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Of the 6th Plague of Egypt



Of the 6th Plague of Egypt



The setting was that of ancient Egypt (Exodus 9, verse 8-12) where 10 plagues were unleashed on the Egyptians for their unwillingness to let the children of Israel go. This piece is about the 6th one; it is called boils!

Another scene
Miss KK is known for one thing; boils! She bear the scars at different parts of her body over the years. The last she had chose her forehead; large, hard, shiny, extremely painful and even gave her a fever. It had to be drained eventually, leaving a bad scar on the face she adores…
1. Out of hair follicle I evolve ,
Inhabit there via Chauffeur Staph aureus,
An abrasion my entry,
A cut my doorway
2. The skin I discoloured,
A painful lump I form,
I whitened the redness,
An apex I mold
3. Tempting it is, but,
Squeeze, scratch nor needle pop me not!
To keep contagion at bay,
Boil is my epithet!

What it is
A boil (also called a furuncle) is a collection of pus that forms in the skin.
It starts in a hair follicle or oil gland when a bacteria (usually Staphylococcus aureus) enters the body through cuts or abrasions in the skin (from shaving or wearing of tight clothing) and travels down to the hair follicle. Inflammation of hair follicles is called folliculitis, which can develop into a boil. This is common in the pubic area, especially after shaving.
A group of boils is called a carbuncle.

Lack of sexual activity cause boils in the genitals!
Boils located on the forehead or nose tip imply the person is mean!
These have no scientific basis.

Initially the skin may turn red at the site of infection and a painful tiny lump develops and gradually increase in size. After a few days, it turns white as there is pus accumulation under the skin.
The pus later form a ‘’head’’ which can drain on its own or has to be opened up.
The spread of infection to deeper skin tissues may give rise to an abscess.

Common sites found
Face (one on the eyelid is called a sty)
Genital area
Under the breasts
On the thigh
In the back

What give boils away
Localised painful lump/swelling in the skin
There may be obvious pus accumulation under the skin
Redness may be present
Localised warmth at the site

Why you may have boils
Poor personal hygiene that leads to dirt plugs on the skin
Diseases associated with weakened immune system (the natural barrier against infections). These include;
a. Diabetes
b. Kidney disease
c. A.I.D.S
d. Diseases in which there is inadequate antibody production
Medications like steroids and those used in cancer chemotherapy also suppress the immune system and can result in boils.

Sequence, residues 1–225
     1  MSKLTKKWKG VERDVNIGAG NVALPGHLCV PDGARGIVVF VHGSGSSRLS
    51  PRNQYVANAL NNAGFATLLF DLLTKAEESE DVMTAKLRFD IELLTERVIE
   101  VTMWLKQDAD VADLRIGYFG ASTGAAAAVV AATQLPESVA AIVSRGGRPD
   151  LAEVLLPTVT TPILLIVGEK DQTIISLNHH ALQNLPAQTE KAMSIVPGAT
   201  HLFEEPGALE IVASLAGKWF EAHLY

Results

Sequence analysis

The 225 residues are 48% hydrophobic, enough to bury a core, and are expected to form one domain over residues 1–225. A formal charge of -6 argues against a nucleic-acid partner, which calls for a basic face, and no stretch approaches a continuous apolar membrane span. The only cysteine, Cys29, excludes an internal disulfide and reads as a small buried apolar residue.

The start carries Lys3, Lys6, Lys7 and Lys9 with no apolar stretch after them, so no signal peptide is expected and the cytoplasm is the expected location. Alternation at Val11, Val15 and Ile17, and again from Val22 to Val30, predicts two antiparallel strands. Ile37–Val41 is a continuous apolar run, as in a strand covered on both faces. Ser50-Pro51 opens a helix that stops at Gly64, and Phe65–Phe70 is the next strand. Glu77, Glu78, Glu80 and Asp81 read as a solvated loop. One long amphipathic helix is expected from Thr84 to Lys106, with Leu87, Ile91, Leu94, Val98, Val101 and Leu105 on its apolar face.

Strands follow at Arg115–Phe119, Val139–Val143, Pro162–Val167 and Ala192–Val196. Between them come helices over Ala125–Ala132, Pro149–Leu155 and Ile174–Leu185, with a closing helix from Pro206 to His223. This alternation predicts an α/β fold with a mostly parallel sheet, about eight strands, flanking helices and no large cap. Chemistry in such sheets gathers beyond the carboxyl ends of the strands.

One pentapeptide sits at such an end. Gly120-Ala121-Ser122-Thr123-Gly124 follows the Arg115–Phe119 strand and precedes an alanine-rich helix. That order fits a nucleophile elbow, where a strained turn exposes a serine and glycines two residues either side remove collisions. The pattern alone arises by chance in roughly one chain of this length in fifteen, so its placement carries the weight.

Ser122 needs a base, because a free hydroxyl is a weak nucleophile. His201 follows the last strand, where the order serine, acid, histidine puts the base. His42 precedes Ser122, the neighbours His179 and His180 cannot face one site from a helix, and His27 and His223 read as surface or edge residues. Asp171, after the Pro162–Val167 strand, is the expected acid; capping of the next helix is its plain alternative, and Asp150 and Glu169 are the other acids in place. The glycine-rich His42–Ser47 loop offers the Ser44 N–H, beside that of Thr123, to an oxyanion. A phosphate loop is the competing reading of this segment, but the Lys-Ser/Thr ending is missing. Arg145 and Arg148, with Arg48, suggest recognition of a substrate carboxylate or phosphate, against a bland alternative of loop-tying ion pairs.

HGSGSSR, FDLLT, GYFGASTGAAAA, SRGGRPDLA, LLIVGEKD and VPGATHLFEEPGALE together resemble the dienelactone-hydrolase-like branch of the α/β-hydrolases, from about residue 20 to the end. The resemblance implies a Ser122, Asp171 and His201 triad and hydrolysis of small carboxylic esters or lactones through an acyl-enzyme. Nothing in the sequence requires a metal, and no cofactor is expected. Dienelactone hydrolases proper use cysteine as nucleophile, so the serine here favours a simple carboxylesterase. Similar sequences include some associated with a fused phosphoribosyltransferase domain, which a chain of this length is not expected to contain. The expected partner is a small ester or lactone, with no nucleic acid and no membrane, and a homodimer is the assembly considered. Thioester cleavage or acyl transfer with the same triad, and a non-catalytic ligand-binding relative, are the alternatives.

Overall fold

Some have reported a link between their diet and boils’ occurrence. Cheese, Yogurt or milk have been mentioned in this regard.
Poor nutrition is a strong factor because it weakens the immune system.
Boils could also be stress related
Exposure to skin irritating chemicals Friction from tight clothing
Close contact with pus from an infected person (until it drains and heals, an active skin boil is contagious).
Ingrown hair; a condition where hair curls back or grow sideways into the skin-very common among people with coarse or curly hair
Athletes participating in contact sports or using shared equipment

What not to do
Resist the urge to squeeze the boil
Avoid popping open the boil with a sharp/pointed object
These would likely worsen infection

When to seek help
Unresolved fever despite medications
Severe/Undue pain
The boil does not drain
A second or multiple boils appear
A very large painful boil
Recurrent boils
A boil on the spine
Treatment of Boils aim to soothe the pain, eliminate the offending organism and prevent complications.
For most healthy people with normally functioning immune systems, a relatively small boil will come to a head and drain on its own within two weeks. The easiest of natural treatments for how to get rid of a boil is to simply leave the boil alone. If you truly can leave it alone, a boil will likely break and drain on its own over time, typically within two weeks.

If you’ve had a boil, you know how tempting it is to try to pop it, but don’t! If you pop the boil yourself with a pin or needle, you may make the infection worse. Whatever you do, don’t pop, squeeze, scratch or open the boil. Squeezing can actually push the infection down deeper into your skin.

Likely outcomes of boil infection
The outcome of treatment is usually very good. Most boils can be successfully treated if prompt care is taken. However, scarring may be a complication after a particularly large boil heals. In rare cases, complications of boils occur when the infection spreads. Cellulitis, a secondary infection of the deeper layers of the skin, may occur. Other less common secondary infections may include impetigo (a skin infection), septic arthritis (joint infection), osteomyelitis (bone infection), endocarditis (heart infection), septicemia (blood infection), or brain abscess.

Ways out
Though not absolutely preventable, the following may help keep boils at bay;
Good personal hygiene
Use of sponge to wash especially the back region and under the breasts; this helps remove oil/dirt plugs built up around hair follicles
Proper handwashing or use of sanitizers reduce the bacterial load on the skin.
Avoid skin contact with pus from an infected person
Avoid sharing clothing, towel or razor with an infected person

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